Some filmmakers hit the ground running, blowing minds with their debut features. Others take a little while to hit their stride. Adam Wingard is one such director.
Wingard showed real promise with his first two features, Home Sick and Pop Skull, both penned by E.L. Katz, who would go on to direct the brilliant Cheap Thrills. However, it wasn't until he teamed up with writer Simon Barrett (who also showed early promise with his screenplay for the underrated Civil War haunter Dead Birds) that it became apparent that Wingard was an emerging talent not to be ignored.
You're Next took everyone by surprise, with its sharp script, overturning of genre conventions and overtly feminist tone. That said, I didn't totally connect with it in the way that a lot of other people seemed to. Don't get me wrong, I liked it a lot and it was obviously a huge step forward for both Wingard and Barrett, but there was still something lacking, something not-quite developed about it that prevented it from being truly great. Would these two obviously talented and spirited filmmakers ever realise their potential, or was You're Next to be their apex?
With The Guest, Wingard and Barrett have demolished any lingering doubts that I may have had, delivering on all that hitherto hinted-at promise in spectacular fashion. The Guest is an electrically tense, spring-loaded grenade of a movie that hit my senses like napalm, utterly transfixing me from first frame to last. It's a masterpiece.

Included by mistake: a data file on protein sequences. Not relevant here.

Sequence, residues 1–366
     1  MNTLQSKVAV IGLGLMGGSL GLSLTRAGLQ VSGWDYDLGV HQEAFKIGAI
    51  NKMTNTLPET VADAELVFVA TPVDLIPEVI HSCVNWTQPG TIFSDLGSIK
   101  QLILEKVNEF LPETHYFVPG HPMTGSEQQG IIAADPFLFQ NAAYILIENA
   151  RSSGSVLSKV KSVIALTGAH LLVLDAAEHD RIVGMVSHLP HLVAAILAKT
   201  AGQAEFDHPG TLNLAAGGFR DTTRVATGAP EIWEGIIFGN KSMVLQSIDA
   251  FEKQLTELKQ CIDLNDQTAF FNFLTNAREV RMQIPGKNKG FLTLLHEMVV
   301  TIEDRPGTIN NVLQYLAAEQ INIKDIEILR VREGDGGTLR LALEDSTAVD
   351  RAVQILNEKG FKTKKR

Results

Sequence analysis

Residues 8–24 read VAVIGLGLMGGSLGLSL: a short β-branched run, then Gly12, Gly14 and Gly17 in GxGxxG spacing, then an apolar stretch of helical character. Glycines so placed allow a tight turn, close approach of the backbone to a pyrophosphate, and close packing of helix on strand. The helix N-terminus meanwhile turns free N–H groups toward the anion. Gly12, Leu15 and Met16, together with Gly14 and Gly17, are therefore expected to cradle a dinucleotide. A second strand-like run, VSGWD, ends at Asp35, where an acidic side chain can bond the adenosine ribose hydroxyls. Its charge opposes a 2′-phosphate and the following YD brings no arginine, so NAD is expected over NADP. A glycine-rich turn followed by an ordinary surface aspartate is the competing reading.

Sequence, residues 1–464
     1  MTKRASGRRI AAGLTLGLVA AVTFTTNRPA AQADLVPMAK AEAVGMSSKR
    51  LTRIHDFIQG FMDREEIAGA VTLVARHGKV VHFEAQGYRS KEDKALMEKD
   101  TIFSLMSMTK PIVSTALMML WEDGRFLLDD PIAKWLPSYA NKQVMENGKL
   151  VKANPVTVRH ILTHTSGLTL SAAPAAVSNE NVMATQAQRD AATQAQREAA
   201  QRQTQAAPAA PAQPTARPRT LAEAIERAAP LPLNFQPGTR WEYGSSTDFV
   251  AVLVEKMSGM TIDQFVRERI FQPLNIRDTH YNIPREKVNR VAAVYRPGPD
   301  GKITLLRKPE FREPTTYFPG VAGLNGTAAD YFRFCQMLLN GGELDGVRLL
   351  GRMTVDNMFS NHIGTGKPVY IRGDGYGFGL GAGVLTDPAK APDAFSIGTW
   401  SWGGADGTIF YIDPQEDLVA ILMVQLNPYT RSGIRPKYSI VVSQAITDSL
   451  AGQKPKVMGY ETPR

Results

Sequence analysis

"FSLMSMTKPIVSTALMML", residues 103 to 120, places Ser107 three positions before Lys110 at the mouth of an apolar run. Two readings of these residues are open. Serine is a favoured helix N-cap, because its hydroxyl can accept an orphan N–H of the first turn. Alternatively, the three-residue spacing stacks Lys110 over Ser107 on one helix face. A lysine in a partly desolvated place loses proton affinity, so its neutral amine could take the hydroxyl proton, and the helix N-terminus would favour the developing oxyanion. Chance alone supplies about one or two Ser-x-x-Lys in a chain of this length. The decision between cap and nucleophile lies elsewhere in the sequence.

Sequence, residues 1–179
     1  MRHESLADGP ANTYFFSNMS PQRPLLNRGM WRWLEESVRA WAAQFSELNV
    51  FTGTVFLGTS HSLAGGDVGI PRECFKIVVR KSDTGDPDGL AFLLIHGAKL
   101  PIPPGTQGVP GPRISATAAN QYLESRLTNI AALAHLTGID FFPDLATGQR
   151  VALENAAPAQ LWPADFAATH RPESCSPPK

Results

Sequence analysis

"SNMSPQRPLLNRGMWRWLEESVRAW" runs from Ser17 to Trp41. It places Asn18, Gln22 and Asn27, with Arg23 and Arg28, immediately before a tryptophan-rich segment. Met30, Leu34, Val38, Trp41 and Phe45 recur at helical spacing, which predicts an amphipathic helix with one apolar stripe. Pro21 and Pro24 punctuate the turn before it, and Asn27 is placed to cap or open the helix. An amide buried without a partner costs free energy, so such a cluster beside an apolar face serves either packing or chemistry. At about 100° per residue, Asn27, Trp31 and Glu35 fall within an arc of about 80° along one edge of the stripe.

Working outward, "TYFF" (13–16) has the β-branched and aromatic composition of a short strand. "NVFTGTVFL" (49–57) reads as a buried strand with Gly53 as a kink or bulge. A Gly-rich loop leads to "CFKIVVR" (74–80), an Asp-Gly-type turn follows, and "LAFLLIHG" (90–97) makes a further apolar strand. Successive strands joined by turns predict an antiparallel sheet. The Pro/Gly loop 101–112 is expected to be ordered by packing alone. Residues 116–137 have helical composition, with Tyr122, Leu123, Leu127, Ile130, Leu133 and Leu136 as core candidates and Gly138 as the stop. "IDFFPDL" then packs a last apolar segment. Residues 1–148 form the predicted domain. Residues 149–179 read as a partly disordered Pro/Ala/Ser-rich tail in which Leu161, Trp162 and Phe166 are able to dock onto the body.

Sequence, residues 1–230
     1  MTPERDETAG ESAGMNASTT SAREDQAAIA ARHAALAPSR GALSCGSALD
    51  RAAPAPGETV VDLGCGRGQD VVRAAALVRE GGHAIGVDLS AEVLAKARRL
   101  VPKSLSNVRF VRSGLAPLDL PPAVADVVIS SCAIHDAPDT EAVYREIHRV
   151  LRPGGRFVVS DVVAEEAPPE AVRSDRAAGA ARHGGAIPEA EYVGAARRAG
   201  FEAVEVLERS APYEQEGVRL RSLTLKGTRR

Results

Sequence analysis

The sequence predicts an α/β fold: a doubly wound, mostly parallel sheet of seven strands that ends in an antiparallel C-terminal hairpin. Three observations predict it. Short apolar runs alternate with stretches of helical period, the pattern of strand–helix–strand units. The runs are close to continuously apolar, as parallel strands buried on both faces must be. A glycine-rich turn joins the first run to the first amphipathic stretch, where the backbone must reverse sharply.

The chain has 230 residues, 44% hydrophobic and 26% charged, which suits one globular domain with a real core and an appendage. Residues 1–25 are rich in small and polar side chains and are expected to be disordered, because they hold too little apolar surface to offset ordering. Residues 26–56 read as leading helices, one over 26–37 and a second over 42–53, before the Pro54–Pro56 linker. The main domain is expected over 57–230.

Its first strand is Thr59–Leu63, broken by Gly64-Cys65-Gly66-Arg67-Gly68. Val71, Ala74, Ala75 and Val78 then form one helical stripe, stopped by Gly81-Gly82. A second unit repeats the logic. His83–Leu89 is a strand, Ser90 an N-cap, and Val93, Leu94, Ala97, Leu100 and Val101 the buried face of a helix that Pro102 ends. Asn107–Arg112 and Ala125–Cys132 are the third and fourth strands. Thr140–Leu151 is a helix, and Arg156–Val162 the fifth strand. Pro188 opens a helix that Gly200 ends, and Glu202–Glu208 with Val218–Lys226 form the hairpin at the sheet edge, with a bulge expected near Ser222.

Dan Stevens' tour de force performance as David, a returned Iraq war vet who politely imposes himself on the grieving family of a fallen comrade, has to be seen to be believed. There's a highly regimented precision to his every action and line delivery that's fascinating to watch. Complimenting this is an alpha-male physicality that's at once menacingly dangerous and powerfully sexual. Think Robert Patrick in Terminator 2, but with piercing blue eyes and a completely magnetic charm. Stevens' performance and screen presence here is nothing short of riveting.
The tone and atmosphere of this film is extremely cool too. The production design feels simultaneously retro and yet somehow ultra modern, alternating between colour drenched neon, everyday suburban settings and a slickly futuristic corporate/military aesthetic. The camera work reflects the hyper-controlled, chilly nature of the titular character in the way it coldly frames its subjects and slowly prowls around the film's settings. The soundtrack (which is frequently and loudly at the fore of the sound design) is also a hybrid of retro and futurism, featuring a winning mix of new and old electronic and goth tracks from the likes of Sisters of Mercy, Gatekeeper, D.A.F. and an original score by Zombi's Steve Moore.
As with You're Next, one of The Guest's greatest assets is its sometimes subtle, sometimes blatant subversion of genre conventions. On the surface its story is very simple, and I kept thinking I knew exactly where it was going, only to be surprised at the direction it took instead. Not in the sense of big twists or surprises, but just in the small details of how the story unfolds. That same care and attention to writing and direction is evident in the way that the plot builds, clearly calculated to ratchet the tension up slowly, scene by scene, so that the climax makes for an absolutely killer payoff.
If you're like me, The Guest is a movie that you've wanted for years. Without giving too much away, Wingard's film is a fist pumping homage to The Terminator in the same unconventional way that 28 Days Later was to Dawn of the Dead (the difference being that The Guest sticks the landing where 28 Days Later fumbled its climax). Both movies smartly build on their influences to create something new and exciting, not just nostalgic fan service. I can't recommend this one highly enough.